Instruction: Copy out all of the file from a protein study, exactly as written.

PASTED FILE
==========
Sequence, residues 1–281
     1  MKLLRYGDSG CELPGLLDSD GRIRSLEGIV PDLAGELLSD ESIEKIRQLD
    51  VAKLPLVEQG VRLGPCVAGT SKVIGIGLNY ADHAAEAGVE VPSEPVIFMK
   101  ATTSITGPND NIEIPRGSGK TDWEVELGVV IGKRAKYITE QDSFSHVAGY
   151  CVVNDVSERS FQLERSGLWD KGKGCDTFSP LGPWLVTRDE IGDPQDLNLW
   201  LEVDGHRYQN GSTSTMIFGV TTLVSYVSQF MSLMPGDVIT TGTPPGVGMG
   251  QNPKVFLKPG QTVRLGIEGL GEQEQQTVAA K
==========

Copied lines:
Sequence, residues 1–281
     1  MKLLRYGDSG CELPGLLDSD GRIRSLEGIV PDLAGELLSD ESIEKIRQLD
    51  VAKLPLVEQG VRLGPCVAGT SKVIGIGLNY ADHAAEAGVE VPSEPVIFMK
   101  ATTSITGPND NIEIPRGSGK TDWEVELGVV IGKRAKYITE QDSFSHVAGY
   151  CVVNDVSERS FQLERSGLWD KGKGCDTFSP LGPWLVTRDE IGDPQDLNLW
   201  LEVDGHRYQN GSTSTMIFGV TTLVSYVSQF MSLMPGDVIT TGTPPGVGMG
   251  QNPKVFLKPG QTVRLGIEGL GEQEQQTVAA K